Because of that work, Stylianou won a seat in a local FBI Citizens Academy in 2014. One of the classes dealt with human trafficking and efforts to utilize cell phone photos of hotel rooms to combat the problem.
In the fall of 2019, Stylianou began her career at SLU as a Research Institute Fellow to continue her work. Stylianou said one priority has been to increase community engagement. She and her collaborators published “Hotels-50K: A Global Hotel Recognition Dataset” at the 2019 Association for the Advancement of Artificial Intelligence (AI) Conference, a premier conference on AI.
Additionally, for the last two years, Stylianou has run competitions on Kaggle, an online community of data scientists and machine learning practitioners. Researchers can submit their own machine learning models to gauge the best approaches for recognizing hotels using the datasets assembled by Stylianou and her collaborators. She hopes that this will lead to improved approaches researchers can integrate into the TraffickCam system to produce better results for investigators.
Since its launch in 2015, more than 250,000 hotels and 290,000 images have been added to the TraffickCam database. Researchers have shared the app with the National Center for Missing and Exploited Children. Stylianou says the app has successfully aided in the rescue of victims, and efforts to expand partnerships are underway in the U.K. and Canada.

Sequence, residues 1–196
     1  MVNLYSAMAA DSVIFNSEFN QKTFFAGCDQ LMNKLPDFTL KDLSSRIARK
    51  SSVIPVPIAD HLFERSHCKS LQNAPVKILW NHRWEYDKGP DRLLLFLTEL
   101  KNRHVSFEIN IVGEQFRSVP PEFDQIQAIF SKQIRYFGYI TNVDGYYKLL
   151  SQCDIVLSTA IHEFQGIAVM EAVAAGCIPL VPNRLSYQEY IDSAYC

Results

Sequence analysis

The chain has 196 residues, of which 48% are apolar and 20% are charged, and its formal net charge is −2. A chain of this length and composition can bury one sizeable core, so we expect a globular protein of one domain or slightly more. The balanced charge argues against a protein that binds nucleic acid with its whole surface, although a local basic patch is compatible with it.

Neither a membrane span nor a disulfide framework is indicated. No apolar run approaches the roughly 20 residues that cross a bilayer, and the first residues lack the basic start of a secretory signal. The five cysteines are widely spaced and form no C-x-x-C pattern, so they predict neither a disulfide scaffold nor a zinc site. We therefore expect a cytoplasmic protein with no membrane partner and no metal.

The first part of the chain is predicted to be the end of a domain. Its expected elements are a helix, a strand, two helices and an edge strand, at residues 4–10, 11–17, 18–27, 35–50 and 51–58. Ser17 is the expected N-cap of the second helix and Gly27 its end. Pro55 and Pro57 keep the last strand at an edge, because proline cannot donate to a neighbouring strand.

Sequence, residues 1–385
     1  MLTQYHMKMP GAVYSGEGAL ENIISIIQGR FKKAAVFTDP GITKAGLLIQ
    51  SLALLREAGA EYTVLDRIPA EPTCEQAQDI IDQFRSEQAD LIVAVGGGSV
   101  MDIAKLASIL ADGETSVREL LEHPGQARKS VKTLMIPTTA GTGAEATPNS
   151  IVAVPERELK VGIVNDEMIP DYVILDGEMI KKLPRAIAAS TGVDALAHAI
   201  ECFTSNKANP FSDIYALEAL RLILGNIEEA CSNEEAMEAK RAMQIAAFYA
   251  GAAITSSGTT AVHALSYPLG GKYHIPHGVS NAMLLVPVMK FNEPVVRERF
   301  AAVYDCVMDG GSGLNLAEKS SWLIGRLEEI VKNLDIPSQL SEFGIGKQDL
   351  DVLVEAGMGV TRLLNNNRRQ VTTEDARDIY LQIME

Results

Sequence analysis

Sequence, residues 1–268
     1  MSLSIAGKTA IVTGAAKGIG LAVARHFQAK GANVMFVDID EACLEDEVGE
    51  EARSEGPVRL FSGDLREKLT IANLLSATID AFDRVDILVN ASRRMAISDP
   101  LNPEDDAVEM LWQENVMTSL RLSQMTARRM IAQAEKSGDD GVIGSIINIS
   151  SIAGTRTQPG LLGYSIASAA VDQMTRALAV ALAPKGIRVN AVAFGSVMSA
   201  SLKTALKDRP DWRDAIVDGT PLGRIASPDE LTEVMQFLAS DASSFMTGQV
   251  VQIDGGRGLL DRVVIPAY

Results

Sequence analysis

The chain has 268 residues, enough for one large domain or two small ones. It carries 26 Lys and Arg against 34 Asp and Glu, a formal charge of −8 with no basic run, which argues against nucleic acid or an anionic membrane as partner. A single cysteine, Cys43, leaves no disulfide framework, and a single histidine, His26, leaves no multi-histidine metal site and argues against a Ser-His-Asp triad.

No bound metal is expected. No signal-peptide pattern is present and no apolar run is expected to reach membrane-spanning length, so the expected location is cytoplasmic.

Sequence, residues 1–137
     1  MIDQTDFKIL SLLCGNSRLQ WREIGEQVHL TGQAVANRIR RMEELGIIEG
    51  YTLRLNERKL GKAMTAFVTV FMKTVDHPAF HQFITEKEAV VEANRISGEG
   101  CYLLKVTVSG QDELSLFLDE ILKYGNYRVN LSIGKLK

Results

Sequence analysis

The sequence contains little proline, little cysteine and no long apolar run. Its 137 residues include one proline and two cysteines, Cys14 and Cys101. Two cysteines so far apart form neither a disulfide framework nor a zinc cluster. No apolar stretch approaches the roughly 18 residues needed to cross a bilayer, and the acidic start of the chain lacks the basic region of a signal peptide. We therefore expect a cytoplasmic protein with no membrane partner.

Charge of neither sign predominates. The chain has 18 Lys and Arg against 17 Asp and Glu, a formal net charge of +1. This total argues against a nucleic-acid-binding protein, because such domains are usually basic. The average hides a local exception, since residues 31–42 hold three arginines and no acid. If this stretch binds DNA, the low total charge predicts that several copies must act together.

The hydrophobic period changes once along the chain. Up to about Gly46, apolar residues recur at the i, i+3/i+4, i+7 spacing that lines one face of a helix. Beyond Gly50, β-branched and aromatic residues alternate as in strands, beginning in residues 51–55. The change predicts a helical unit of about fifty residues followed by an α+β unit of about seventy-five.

“This is an issue that people care about but feel helpless,” Stylianou said. “It's been nice to provide this sense of empowerment, both for everyday people taking pictures when they travel and for myself in providing the tools and data for investigators.”
About Saint Louis University
Founded in 1818, Saint Louis University is one of the nation’s oldest and most prestigious Catholic institutions. Rooted in Jesuit values and its pioneering history as the first university west of the Mississippi River, SLU offers nearly 13,000 students a rigorous, transformative education of the whole person. At the core of the University’s diverse community of scholars is SLU’s service-focused mission, which challenges and prepares students to make the world a better, more just place.
About Exchange Initiative
Exchange Initiative provides resources, information and networking solutions to combat sex trafficking in the U.S. Download the TraffickCam app on the App Store (iOS) and Google Play (Android) or use the desktop app at www.TraffickCam.com.
About Nix Conference & Meeting Management
Nix Conference & Meeting Management, based in St. Louis, manages meetings, conferences and trade shows for associations, religious organizations, businesses and nonprofits. Nix has managed events on four continents and in 17 countries since 1985. Nix leads the charge among meeting planners to end sex trafficking in hotels and founded Exchange Initiative, the developer of the TraffickCam app. For more information, call (314) 645-1455 or visit www.nixassoc.com.